Can Meta remain the ‘holy grail of paid advertising’ with challenges, challengers and Advantage+?
It has been just over two years since Apple introduced Apple Tracking Transparency (ATT) and iOS 14 to limit the amount of user data app developers and advertisers have access to. It’s especially been a pain point for social media advertisers dependent on Meta’s performance, targeting and measurement capabilities.
Albeit, there are challengers in the space, like TikTok and Pinterest, which stand to gain from Meta’s loss. While the platform saw its advertising revenues decline recently, it still holds its place as front runner in digital ad budgets with 93% of advertisers still spending on the platform, according to Digiday research. Halfway through 2023, a viable solution or challenger platform has yet to present itself in a meaningful way.
To bolster its momentum — Meta introduced Advantage+, a suite of automation tools with Advantage+ shopping campaigns catching advertisers’ attention to boost sales and drive growth. Seemingly the new feature presents a way to help stem the flow of performance dollars out of Meta’s ad business.
The advantage of Advantage+
Back in August of 2022, Advantage+ shopping campaigns rolled out to advertisers globally as a way to use artificial intelligence for ad creation and automation, including targeting, bidding, placement and creative. But as with any new product feature, Advantage+ isn’t without its challenges.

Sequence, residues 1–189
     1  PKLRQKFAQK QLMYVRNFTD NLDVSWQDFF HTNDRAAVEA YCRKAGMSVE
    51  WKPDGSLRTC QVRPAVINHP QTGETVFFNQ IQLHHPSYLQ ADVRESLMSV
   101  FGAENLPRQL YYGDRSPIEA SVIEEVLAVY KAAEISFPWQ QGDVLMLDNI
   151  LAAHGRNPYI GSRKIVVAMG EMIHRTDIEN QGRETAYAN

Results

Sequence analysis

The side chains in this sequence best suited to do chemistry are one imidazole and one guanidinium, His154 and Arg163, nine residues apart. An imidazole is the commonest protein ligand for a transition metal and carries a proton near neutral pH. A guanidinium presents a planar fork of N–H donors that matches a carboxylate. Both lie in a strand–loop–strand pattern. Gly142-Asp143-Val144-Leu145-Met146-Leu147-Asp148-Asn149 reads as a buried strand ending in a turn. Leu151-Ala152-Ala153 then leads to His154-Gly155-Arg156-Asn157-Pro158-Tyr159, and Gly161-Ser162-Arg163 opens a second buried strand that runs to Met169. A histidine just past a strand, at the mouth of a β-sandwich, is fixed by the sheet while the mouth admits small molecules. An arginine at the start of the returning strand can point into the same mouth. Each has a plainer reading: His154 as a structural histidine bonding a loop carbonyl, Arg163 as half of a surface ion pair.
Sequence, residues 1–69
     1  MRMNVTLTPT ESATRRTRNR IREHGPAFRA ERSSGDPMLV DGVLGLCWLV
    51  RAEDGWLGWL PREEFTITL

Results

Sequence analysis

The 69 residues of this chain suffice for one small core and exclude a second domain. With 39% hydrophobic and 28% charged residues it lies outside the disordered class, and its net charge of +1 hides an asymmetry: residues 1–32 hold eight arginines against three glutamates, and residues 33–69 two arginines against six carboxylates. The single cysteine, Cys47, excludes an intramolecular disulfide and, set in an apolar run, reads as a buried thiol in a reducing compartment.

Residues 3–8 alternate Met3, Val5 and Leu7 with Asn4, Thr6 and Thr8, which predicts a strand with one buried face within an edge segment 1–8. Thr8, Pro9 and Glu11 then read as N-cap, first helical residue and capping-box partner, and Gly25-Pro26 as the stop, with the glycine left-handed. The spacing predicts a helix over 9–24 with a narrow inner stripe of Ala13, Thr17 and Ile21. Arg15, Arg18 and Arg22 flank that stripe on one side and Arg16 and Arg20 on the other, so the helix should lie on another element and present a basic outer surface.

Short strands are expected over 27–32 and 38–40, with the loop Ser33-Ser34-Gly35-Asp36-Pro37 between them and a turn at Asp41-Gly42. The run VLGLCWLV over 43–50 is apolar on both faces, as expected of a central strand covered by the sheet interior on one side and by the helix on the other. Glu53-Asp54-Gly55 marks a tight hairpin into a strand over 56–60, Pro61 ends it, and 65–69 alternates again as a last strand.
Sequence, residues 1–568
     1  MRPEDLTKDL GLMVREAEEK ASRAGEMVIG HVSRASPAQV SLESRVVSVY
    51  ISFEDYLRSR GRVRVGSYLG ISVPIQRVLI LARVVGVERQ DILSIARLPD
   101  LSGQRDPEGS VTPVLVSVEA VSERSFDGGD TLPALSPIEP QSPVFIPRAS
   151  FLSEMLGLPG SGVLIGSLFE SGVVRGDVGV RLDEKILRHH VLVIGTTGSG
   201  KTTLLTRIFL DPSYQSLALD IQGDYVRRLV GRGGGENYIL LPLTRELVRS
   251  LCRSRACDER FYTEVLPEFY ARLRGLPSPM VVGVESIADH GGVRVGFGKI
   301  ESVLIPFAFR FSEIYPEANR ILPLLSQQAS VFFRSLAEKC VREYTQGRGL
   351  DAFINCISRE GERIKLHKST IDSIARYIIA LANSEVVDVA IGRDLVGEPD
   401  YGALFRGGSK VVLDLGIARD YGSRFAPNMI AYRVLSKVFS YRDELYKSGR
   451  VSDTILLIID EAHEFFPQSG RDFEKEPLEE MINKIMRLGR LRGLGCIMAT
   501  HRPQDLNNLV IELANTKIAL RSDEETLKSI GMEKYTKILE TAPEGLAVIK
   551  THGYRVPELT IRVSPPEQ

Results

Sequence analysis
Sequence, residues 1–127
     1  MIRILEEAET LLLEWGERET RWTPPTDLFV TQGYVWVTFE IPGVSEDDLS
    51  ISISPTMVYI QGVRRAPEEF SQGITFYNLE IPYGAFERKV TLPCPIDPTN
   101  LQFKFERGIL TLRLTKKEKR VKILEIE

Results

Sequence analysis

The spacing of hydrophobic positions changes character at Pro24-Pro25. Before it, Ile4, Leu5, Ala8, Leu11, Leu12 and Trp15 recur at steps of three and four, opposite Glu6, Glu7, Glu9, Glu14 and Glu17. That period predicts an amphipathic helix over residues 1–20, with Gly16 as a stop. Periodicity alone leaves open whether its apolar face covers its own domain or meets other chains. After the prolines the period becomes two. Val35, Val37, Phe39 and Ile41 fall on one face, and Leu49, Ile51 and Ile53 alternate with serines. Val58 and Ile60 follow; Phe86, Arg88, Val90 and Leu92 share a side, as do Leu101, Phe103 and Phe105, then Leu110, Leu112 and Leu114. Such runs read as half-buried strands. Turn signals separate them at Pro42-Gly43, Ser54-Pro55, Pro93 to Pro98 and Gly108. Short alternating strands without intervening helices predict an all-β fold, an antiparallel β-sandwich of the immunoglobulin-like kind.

The new feature has been dubbed somewhat of another black box model from a platform in which advertisers have to trust the numbers verified from the platform without their own way to verify, per AdExchanger. It could be likened to Performance Max, Google’s AI-powered offering. However, the platform refutes the black box label. Meta too denies that’s the case, saying the platform has been transparent about how the new automated feature works and that advertisers have the control to choose what ad tools they use, per a spokesperson.
“Meta’s Advantage+ has people testing it out but unsure if they are keeping more people on the platform and or seeing new people reconsider Meta,” said Duane Brown, founder and head of strategy at Take Some Risk, in an email to Digiday. “Most advertisers just want to find something that works and ride that wave to the max potential.”
And for some, it does work, alleviating some of Meta’s pain points and allowing advertisers to scale budgets efficiently. At least that’s the case at performance marketing firm Tinuiti, according to Natasha Blumenkron Mears, senior director of paid social. That said, the firm is projecting to increase overall spend in Meta slightly year-over-year even in light of it being a so-called black box, she said. (The firm declined to specify ad spend.)
“While we would love to be able to build and optimize at the level of detail we have in the past, we also acknowledge that individuals deserve to have privacy,” Mears said in an email. “Solutions like Advantage+ on Meta allow us to quickly test and learn various creative at scale in a broad format that ensures privacy remains intact for the user.”
For McKinney creative and media agency, Meta’s Advantage+ feature has left the agency unsure if it’s helped even as it has made several updates to its social strategy since the feature rolled out, said Barry Salus, associate media director of activation and analytics at McKinney in an emailed statement. (He did not offer specific figures on how those updates impact client ad spend.)